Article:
Sunday, November 27, 2011

The Non-Custodial Parent

I would have thought we as a society would have come further in 25 years. But this does not appear to be the case.

My husband and I split up 25 years ago, when I left our marriage and our home, taking my four year old son with me. I won't splatter the private details of our married life all over the internet; if you are looking for salacious tidbits, I can refer you to another blog.

By the time we finally divorced after living apart some two years later, it was an amicable separation. I got the kid, he got the house. Sort of. I had physical custody of our son; we had joint legal custody. Jim stayed in the cabin he had built (on land that did not belong to us) and in which had all lived as a family, up in the peninsula hills.

I don't recall much squabbling over legal papers. It was a do-it-yourself divorce; there were no attorneys, only a paralegal. There was not much property to separate; the cabin was not ours; we each kept one of the two cars we owned. Custody was the only issue for discussion.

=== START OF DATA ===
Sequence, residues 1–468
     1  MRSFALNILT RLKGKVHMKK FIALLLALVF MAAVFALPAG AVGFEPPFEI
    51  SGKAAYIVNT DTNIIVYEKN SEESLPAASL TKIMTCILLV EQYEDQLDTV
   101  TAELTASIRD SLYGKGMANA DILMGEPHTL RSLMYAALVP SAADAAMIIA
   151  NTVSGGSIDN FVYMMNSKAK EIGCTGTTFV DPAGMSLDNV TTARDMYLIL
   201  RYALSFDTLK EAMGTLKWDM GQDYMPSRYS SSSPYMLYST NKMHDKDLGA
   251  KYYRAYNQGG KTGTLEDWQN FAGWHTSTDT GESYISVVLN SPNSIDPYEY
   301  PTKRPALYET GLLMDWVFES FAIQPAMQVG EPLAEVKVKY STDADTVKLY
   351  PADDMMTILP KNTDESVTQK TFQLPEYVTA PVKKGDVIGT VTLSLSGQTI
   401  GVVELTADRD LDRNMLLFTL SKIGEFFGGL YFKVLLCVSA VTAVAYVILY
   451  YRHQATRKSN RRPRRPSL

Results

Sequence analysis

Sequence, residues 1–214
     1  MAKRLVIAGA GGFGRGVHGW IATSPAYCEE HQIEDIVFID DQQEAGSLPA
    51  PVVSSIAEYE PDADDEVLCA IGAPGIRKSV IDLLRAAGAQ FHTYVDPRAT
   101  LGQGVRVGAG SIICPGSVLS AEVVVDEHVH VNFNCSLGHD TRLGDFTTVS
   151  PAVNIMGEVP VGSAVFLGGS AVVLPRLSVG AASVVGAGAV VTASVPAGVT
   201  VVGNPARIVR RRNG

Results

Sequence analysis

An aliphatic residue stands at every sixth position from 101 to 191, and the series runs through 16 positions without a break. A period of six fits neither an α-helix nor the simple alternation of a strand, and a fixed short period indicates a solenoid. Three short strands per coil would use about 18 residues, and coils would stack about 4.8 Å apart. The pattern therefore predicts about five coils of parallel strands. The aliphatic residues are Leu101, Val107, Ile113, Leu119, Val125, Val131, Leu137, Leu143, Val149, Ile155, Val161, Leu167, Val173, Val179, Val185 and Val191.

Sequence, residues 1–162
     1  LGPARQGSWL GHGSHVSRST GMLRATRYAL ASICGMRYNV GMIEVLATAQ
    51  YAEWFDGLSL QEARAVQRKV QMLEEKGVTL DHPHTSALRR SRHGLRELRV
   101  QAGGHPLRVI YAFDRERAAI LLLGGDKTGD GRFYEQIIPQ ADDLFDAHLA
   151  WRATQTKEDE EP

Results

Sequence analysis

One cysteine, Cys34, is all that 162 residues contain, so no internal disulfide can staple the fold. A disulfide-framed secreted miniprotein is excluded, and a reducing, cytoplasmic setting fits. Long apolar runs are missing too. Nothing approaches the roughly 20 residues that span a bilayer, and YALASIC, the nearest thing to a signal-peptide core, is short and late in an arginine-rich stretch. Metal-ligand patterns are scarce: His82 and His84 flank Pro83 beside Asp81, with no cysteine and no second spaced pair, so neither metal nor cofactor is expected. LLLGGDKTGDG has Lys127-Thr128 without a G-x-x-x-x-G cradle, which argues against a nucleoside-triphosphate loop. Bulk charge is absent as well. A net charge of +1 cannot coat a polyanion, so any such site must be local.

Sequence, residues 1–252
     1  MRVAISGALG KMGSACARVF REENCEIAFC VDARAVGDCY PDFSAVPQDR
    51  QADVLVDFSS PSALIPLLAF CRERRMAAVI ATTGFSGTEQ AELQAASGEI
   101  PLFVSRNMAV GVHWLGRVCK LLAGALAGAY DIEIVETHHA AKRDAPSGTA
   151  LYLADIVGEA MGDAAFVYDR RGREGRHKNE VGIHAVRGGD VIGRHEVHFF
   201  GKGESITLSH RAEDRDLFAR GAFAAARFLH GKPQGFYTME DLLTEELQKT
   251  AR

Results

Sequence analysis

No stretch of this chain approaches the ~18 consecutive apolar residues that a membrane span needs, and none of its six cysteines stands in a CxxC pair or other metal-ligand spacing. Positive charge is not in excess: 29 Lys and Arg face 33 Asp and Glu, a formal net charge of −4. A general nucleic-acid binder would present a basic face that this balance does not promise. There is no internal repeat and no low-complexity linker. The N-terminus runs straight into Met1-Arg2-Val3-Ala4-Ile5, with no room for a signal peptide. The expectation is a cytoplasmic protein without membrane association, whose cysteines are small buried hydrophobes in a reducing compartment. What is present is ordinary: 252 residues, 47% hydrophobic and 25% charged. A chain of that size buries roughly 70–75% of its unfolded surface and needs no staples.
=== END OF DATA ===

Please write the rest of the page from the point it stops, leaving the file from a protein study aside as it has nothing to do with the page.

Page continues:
By the time I started legal paperwork two years after we had split, our emotions had calmed down. We had established a routine for physical custody and visitation. I had rented a house on the peninsula and Jim would visit Sean at the house one night a week and every other weekend. This arrangement gave Sean great stability in having only one place to call "home". At some point, we put the arrangement on paper, and filed it with the court. It was a pretty typical divorce, mom gets physical custody, dad has visitation rights.

Fast forward 25 years. In this much changed world of today, at least technologically speaking, I have come across a blog written by a divorced mother of three children, who gave up physical custody of her children ten years ago to her ex-husband. She gave up physical custody solely in the best interests of her children at the time of the divorce, not because she didn't love her kids and want to be with them and not for any other reason. So here's the rub: why do I even find myself explaining this? Because we as a society still expect the mom to get the kids, unless there is "something wrong" with her, as in she is an "unfit mother".